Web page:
Pentax seem to be fine and are well priced, they're also best placed to use older K and KA-system lenses albeit with many compromises.
Unless going for Canon or Nikon, don't pay any attention to "in the long run". Digital photography is still evolving at a tremendous pace and so don't expect any equipment to last or be truly useful (some lenses excepted) in six years time.
Buy what suits you now and get shooting: it's far too easy to let the equipment get in the way of that simple aim!
I am pretty sure that your lenses are just fine for your Digital camera(Minolta or Sony only) as they have the same lens mount. I you choose a KM5 or KM7 digital cameras your lenses will be longer by a factor of 1.4x, same goes for Sony cameras except A850 and A900. They will give you the same magnification ratio as your 7000. Minolta was sold to Sony several years ago, and they have been building a great reputation since. Your AF maxxum lenses will work great on any KM or Sony camera(ADI is available on distance integrated Minolta maxxum lenses only. You can tell by looking at a lens marking which will say "D" if it is compatible with distance integration). I find distance integration an extra not a necessity. If you have some great glass that you love and hold dear, then it would be a great idea to buy Sony. Note that another answer by miket756 is mostly wrong. Yes your lenses will get longer on APS sized sensors, but a 28 mm will never become a 150mm equivalent(thats just stupid). It will look more like 40-50mm on APS-C camera. If you got 2000-2700$ for Alpha850 or Alpha900 than your lenses will retain their mag factors. Good luck.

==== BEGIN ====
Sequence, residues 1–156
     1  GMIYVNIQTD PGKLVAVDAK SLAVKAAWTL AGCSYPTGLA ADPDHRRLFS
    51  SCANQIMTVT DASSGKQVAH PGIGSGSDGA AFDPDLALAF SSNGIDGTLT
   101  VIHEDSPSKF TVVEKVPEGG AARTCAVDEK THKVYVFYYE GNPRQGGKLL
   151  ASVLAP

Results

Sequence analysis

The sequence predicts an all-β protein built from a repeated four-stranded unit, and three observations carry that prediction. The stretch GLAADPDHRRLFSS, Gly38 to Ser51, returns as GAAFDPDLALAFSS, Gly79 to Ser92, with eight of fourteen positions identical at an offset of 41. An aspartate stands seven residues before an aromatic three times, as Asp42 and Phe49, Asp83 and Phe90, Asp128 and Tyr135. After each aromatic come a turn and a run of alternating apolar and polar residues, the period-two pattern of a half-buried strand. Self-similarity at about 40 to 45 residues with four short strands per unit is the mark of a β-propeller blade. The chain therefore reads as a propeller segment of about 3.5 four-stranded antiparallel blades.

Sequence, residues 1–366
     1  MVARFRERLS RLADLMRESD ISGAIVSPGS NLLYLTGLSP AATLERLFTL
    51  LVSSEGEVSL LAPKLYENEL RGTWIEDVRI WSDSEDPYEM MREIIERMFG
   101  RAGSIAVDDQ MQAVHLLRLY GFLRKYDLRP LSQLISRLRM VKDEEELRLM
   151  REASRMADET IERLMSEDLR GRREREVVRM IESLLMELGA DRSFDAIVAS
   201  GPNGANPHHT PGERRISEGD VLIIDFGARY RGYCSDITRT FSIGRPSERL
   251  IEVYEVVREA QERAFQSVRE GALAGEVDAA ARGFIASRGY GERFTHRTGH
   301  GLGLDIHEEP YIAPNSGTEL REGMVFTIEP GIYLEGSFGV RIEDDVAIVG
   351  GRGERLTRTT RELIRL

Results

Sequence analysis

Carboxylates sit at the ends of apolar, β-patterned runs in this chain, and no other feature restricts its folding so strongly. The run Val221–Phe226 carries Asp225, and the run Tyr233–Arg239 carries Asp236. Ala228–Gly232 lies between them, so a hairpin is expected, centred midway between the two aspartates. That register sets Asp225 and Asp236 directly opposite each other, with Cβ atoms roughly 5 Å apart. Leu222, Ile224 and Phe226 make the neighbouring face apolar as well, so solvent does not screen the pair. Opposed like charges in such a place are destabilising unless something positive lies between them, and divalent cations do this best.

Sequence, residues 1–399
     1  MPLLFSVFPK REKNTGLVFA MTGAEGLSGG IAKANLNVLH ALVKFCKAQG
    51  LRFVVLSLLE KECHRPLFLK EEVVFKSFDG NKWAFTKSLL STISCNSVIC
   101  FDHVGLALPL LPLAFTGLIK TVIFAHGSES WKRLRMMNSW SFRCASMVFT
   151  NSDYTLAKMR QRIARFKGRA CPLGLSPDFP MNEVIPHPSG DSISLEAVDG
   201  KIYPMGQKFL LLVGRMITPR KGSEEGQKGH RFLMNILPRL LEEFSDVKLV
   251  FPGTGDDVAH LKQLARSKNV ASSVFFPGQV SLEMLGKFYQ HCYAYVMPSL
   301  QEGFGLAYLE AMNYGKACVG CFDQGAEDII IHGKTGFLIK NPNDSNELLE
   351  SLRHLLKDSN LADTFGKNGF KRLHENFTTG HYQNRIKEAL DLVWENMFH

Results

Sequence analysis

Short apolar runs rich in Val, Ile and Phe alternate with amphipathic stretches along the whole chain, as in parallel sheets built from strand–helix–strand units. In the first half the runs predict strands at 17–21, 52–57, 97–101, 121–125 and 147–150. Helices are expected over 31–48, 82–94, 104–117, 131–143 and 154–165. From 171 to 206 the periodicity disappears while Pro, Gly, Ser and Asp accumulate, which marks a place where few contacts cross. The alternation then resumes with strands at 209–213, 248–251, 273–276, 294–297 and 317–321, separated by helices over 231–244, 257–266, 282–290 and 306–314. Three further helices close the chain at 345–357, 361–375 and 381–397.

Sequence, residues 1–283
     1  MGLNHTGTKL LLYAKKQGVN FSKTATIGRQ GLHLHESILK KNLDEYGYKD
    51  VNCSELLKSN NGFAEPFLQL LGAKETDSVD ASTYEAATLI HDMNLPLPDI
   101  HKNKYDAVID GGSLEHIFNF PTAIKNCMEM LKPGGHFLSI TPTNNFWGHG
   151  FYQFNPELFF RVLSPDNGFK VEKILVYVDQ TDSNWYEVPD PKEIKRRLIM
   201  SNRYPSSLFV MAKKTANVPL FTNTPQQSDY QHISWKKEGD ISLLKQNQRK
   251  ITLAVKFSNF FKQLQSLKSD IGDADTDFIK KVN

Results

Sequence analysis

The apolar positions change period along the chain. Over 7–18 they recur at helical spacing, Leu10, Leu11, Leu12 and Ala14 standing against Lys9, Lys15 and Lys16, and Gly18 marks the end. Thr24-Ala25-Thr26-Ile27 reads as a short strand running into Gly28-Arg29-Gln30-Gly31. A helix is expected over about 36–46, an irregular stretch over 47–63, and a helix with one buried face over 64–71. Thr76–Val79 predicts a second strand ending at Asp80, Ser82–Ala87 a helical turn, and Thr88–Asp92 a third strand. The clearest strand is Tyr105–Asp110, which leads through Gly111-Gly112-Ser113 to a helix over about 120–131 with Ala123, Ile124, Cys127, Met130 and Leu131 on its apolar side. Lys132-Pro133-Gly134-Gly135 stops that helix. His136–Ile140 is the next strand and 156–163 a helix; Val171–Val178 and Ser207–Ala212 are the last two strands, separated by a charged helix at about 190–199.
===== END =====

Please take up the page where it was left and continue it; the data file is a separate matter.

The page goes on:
Depending on how new your Minolta SLR film camera was, the lens may or may not work on a Minolta Digital SLR. In many cases, a lens with the correct mount (in this case, a Minolta mount) can be used on the same brand of camera in the digital format.
One thing you should know is that DSLR sensors are, generally speaking, smaller than the size of a 35mm film negative. Long story short, that means that your lens will have a magnification factor on the DSLR. Usually, it is in the range of 150%, so a 70-300 lens from a film camera would cover 105 to 450 on a Digital SLR.
To be sure about the mount, you'll need to seek advice specific to Minoltas -- probably best to take your lens to a local camera shop and see for sure if it fits and what features will work (aperature, auto-focus, etc) and which won't work on the DSLR.
You didn't state whatbrand of camera you have. Nikon, Canon, Pentax and Minolta all make digital cameras that take their old lenses. In the case of Minolta, Sony took over the production. The only things that may not work are the old flashes. The new digital cameras may need upgraded models of the flashes. Never use an old flash on a newer digital model without checking if it could damage the camera. You need not buy a 12 mega pixel to print 4X6 prints. Their older and less expensive models will work just fine.